Jupiter Animal Hospital and Veterinarian

426 W INDIANTOWN ROAD

JUPITER, FL 33458

561.746.8888

FAX: 561.746.6987

WEEKDAYS 8AM - 6PM

SATURDAY 8AM - 4PM


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Jupiter Animal Hospital and Veterinarian Jupiter Animal Hospital and Veterinarian Jupiter Animal Hospital and Veterinarian Jupiter Animal Hospital and Veterinarian Jupiter Animal Hospital and Veterinarian Jupiter Animal Hospital and Veterinarian

FAQS about Dog Cat Health and Jupiter Animal Hospital 33458

Pet Vaccinations, Heartworm Prevention 33458

Jupiter Animal Hospital and Veterinarian Services
Jupiter Animal Hospital and Veterinarian
Jupiter Animal Hospital Veterinarian FAQs

  1. Do I need an appointment?
    Appointments are preferred, however we always try our best to accommodate walk-ins.

  2. What forms of payment do you accept?
    We accept Cash, Personal Checks, Visa, MasterCard, Discover, American Express and Care Credit. For more information about care credit, please click here (link to http://www.carecredit.com/vetmed/)

  3. What vaccines are required for boarding or grooming?
    • Dogs are required to be current on a rabies and bordetella. A yearly fecal examination is required.
    • Cats are required to be current on rabies. A yearly fecal examination is required.

  4. How often does my pet need a Rabies vaccination?
    The first Rabies shot your pet receives is good for 1 year. Subsequent Rabies vaccinations are available as a 1 year and 3 year after that.

  5. When should I have my pet spayed or neutered?
    The best time is 4-6 months of age. However, it can be done at most ages.

  6. When does my pet need blood work?
    Yearly blood work should be performed to detect infections and diseases. This helps veterinarians detect disease early. In many situations, early detection is essential for more effective treatment. The type of blood work will be determined specifically for each pet depending on his or her individual needs. This is convenient to do at the time of the annual heartworm test, but can be done at any time of year.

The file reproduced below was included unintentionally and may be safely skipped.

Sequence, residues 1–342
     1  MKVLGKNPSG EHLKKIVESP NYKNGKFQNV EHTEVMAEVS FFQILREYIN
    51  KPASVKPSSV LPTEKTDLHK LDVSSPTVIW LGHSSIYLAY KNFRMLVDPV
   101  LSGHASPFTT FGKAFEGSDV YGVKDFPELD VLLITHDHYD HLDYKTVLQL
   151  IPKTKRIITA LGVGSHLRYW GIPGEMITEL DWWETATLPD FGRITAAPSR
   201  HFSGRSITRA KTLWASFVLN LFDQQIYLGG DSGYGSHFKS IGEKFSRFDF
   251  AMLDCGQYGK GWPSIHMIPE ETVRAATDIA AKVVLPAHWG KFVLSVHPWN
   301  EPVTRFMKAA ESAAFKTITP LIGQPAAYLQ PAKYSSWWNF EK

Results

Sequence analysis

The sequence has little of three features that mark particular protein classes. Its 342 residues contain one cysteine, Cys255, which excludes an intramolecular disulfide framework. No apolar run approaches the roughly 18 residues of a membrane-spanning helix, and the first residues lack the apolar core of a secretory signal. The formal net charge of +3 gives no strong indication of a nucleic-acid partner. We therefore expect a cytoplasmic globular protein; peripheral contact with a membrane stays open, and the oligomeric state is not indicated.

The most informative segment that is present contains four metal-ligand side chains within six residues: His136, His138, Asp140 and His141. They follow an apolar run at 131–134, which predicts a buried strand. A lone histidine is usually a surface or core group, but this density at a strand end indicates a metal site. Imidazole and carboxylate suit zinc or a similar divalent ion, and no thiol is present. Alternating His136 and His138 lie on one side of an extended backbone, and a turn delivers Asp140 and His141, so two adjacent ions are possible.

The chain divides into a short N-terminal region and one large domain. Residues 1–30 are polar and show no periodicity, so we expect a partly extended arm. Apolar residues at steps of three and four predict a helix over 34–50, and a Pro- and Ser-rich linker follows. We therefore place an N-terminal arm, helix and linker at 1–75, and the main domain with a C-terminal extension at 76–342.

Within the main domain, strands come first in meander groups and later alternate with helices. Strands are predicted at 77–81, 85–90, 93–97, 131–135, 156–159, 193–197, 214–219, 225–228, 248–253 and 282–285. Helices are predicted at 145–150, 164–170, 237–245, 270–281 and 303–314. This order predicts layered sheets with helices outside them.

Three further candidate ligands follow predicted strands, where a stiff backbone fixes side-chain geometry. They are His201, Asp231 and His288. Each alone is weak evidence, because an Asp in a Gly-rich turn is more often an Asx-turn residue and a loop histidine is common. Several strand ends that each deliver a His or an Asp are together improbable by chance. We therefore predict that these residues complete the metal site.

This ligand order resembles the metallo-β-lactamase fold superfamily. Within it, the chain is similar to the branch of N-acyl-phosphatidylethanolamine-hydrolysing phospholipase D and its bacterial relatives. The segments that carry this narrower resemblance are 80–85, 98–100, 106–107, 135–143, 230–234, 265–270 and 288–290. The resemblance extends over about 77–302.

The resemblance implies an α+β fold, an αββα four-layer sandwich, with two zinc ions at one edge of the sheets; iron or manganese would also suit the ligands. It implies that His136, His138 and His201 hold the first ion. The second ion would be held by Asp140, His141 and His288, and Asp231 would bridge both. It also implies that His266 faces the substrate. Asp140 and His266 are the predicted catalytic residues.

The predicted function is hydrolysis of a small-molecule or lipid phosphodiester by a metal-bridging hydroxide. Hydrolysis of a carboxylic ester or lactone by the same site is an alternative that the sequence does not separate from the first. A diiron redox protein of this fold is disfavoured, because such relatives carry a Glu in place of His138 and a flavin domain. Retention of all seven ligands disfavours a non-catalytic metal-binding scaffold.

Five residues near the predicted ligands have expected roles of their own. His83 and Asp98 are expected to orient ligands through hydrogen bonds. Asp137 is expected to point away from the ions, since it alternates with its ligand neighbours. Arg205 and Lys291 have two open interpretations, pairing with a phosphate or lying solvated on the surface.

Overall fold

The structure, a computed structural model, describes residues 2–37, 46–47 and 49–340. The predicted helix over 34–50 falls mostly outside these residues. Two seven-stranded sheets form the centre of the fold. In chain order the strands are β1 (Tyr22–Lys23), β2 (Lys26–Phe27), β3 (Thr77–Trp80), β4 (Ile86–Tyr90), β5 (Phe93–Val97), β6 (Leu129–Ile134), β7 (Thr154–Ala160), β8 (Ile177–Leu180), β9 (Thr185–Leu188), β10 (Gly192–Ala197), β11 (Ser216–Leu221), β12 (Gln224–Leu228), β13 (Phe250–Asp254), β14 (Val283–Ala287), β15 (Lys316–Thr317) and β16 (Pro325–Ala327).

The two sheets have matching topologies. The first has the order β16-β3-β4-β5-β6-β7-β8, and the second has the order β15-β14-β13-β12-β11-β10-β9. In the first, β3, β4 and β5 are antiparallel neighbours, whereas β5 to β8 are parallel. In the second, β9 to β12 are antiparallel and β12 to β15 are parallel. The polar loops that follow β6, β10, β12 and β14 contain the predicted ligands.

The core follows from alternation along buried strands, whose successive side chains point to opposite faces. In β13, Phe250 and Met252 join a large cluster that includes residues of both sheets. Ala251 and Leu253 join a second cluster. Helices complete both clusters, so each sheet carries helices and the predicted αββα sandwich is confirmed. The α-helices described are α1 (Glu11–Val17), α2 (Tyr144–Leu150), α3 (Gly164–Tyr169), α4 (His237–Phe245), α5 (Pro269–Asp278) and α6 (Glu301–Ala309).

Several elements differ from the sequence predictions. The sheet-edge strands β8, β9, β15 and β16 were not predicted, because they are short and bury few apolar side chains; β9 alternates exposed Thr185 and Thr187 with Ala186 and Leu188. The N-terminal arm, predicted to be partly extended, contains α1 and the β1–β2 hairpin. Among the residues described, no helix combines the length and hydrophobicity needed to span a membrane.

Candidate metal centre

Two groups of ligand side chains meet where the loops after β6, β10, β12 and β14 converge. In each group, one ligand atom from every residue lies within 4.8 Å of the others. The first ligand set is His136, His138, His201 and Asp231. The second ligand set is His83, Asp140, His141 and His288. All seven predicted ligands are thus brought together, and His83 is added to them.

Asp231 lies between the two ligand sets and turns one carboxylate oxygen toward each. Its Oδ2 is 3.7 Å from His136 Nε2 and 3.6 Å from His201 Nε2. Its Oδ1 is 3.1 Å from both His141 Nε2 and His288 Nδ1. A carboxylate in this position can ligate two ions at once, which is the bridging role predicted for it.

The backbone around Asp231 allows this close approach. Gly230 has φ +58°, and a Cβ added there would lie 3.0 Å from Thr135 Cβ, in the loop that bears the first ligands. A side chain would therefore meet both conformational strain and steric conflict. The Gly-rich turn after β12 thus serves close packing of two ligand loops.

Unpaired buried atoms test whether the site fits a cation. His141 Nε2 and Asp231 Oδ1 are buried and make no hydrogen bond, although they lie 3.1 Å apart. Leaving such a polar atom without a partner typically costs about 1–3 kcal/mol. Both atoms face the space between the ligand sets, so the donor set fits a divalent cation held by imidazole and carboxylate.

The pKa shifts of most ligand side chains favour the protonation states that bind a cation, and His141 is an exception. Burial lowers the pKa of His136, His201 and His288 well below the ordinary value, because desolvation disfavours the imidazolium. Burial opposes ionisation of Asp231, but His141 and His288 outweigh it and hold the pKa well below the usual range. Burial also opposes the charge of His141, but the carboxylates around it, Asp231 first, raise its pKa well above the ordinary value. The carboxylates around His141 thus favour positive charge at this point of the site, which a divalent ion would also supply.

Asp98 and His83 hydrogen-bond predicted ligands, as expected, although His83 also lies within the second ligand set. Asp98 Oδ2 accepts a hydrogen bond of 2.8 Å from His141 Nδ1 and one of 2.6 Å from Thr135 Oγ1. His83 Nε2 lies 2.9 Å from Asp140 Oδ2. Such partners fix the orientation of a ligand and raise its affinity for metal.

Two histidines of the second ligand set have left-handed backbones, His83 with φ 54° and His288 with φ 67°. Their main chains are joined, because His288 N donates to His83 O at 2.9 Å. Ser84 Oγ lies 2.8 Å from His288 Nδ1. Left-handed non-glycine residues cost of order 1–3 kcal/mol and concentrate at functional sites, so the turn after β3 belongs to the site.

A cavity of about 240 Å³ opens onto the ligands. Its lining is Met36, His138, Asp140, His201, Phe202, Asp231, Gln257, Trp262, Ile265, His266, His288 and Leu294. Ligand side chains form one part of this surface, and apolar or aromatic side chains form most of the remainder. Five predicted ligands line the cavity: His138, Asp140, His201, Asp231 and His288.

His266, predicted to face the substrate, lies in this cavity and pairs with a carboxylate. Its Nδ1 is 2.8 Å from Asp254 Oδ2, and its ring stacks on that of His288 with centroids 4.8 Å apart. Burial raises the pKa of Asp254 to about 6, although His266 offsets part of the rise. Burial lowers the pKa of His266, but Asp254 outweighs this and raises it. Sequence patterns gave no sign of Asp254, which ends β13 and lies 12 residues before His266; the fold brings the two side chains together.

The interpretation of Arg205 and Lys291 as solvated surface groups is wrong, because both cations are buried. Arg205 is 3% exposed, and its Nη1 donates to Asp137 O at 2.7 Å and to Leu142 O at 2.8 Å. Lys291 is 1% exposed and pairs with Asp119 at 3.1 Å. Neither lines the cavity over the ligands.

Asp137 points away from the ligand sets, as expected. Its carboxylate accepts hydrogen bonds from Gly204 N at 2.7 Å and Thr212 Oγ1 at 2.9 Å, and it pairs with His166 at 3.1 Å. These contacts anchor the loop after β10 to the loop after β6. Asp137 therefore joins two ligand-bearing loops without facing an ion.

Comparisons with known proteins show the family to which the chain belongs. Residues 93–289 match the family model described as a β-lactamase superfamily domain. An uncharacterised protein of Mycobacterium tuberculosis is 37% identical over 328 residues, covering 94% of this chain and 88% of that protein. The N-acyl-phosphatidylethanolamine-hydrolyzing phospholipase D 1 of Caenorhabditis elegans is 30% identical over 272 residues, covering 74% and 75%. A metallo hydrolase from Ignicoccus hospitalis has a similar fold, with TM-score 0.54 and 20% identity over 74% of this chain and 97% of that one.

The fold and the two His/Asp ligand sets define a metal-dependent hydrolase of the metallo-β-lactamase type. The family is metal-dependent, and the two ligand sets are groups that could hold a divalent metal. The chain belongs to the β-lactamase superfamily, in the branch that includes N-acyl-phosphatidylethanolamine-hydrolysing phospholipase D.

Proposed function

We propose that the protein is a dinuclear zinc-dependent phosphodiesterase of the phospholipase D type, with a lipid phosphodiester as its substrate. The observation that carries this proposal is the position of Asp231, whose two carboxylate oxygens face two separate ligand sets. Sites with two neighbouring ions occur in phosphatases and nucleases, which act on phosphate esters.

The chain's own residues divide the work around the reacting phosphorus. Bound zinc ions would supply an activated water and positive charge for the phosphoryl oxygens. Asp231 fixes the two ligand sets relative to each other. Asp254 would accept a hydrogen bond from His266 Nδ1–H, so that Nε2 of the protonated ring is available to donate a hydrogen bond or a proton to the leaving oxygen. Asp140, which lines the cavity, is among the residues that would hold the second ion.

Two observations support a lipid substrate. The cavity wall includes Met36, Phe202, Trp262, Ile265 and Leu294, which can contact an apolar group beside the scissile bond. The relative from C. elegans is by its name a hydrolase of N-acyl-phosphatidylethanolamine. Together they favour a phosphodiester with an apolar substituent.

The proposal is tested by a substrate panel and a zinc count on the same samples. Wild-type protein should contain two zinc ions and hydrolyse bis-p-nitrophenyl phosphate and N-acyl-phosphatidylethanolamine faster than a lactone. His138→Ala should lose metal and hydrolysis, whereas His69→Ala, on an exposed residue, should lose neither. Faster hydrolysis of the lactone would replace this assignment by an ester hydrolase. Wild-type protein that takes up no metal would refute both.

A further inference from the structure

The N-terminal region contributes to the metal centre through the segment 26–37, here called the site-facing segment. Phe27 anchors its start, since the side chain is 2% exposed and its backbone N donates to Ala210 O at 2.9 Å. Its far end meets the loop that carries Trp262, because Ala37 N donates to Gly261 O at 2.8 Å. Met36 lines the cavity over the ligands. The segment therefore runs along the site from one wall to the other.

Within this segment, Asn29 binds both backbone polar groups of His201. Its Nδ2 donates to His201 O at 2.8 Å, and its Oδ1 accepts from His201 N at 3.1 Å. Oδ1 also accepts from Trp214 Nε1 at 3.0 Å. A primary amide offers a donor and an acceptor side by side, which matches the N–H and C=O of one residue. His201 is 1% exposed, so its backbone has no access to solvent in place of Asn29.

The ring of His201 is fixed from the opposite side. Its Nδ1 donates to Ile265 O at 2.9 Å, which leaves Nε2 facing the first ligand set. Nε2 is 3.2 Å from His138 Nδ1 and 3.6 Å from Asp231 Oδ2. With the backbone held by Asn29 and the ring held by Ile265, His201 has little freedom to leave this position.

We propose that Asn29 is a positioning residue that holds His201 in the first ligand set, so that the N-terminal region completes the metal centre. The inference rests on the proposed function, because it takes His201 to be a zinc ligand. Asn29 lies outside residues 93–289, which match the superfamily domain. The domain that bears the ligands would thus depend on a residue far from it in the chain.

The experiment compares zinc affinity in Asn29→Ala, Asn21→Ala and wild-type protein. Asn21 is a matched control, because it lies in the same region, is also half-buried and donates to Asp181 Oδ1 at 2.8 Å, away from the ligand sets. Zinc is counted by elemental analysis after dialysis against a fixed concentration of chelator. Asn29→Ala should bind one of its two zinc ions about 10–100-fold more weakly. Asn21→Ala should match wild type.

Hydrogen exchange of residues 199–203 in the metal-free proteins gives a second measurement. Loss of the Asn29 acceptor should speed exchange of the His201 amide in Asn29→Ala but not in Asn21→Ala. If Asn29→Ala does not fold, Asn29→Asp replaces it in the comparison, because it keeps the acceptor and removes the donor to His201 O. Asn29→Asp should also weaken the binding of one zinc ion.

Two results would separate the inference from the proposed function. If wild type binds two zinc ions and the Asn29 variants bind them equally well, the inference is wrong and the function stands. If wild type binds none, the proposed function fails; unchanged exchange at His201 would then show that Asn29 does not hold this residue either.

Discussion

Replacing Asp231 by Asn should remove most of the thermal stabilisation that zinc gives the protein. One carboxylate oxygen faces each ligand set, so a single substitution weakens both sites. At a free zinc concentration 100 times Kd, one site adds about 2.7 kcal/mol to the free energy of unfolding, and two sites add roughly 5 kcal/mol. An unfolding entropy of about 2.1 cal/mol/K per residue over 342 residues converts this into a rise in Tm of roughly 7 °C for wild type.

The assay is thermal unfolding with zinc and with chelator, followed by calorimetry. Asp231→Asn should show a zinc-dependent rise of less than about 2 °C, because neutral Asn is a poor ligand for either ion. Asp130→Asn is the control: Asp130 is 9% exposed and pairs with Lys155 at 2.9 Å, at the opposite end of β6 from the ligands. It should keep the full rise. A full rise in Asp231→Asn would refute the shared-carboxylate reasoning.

7. How many months should my pet be on Heartworm prevention medication?
    It is recommended your pet be on heartworm prevention every month for the entire year. It is administered one time per month either by pill or by topical application. Depending on the specific product you and your veterinarian choose for your pet, heartworm prevention medication can prevent other parasite infestations including internal parasites (intestinal parasites) and external parasites (fleas and ticks). Some of these parasites can be communicated to people! A simple blood test will get your pet started.

  8. Why does my dog need a blood test before purchasing heartworm prevention?
    Dogs could get sick (vomiting, diarrhea, and/or death) if placed on heartworm prevention when they have heartworm disease. Even if they have been on heartworm prevention year round there is always the possibility that the product may have failed for various reasons (your pet spit out the pill, did not absorb the pill appropriately, topical medicine was not applied properly, forgot to administer medication on time, etc.) and the earlier we can treat you pet for heartworm disease the better the prognosis. ALL companies will guarantee their product providing you use the heartworm prevention year round and are performing yearly heartworm test. When starting heartworm prevention, or if your pet has not been on heartworm prevention year round, it is important that you perform a heartworm test 6 months after starting the prevention to rule out the pre-patent period. The pre-patent period refers to the time in which a dog has early developmental larvae which cannot be detected on a heartworm test, even though your dog is already harboring heartworm infection. If you do not do this it is possible the manufacturer of the products may not cover your pet's treatment should they test positive for heartworm disease in the future.